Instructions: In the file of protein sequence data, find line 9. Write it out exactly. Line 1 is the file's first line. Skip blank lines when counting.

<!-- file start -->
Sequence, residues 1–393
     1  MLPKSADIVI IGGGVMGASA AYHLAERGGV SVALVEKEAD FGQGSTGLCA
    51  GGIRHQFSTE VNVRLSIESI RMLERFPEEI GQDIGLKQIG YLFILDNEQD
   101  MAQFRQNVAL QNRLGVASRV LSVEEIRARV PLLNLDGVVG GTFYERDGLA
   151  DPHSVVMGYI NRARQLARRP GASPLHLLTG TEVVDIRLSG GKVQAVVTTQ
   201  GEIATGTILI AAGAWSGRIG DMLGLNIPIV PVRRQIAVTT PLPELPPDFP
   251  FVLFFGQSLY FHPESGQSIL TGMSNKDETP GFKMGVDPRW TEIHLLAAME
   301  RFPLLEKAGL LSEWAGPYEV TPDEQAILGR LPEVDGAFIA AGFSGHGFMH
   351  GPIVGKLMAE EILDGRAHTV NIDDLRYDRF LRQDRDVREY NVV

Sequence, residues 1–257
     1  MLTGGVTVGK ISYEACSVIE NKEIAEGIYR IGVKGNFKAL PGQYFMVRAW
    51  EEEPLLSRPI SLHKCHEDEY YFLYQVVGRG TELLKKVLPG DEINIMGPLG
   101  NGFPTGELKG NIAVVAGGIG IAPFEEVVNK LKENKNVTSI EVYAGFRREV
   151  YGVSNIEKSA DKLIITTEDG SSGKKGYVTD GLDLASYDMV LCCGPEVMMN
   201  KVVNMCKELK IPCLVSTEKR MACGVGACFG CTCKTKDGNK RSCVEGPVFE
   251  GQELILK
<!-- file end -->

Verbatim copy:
   351  GPIVGKLMAE EILDGRAHTV NIDDLRYDRF LRQDRDVREY NVV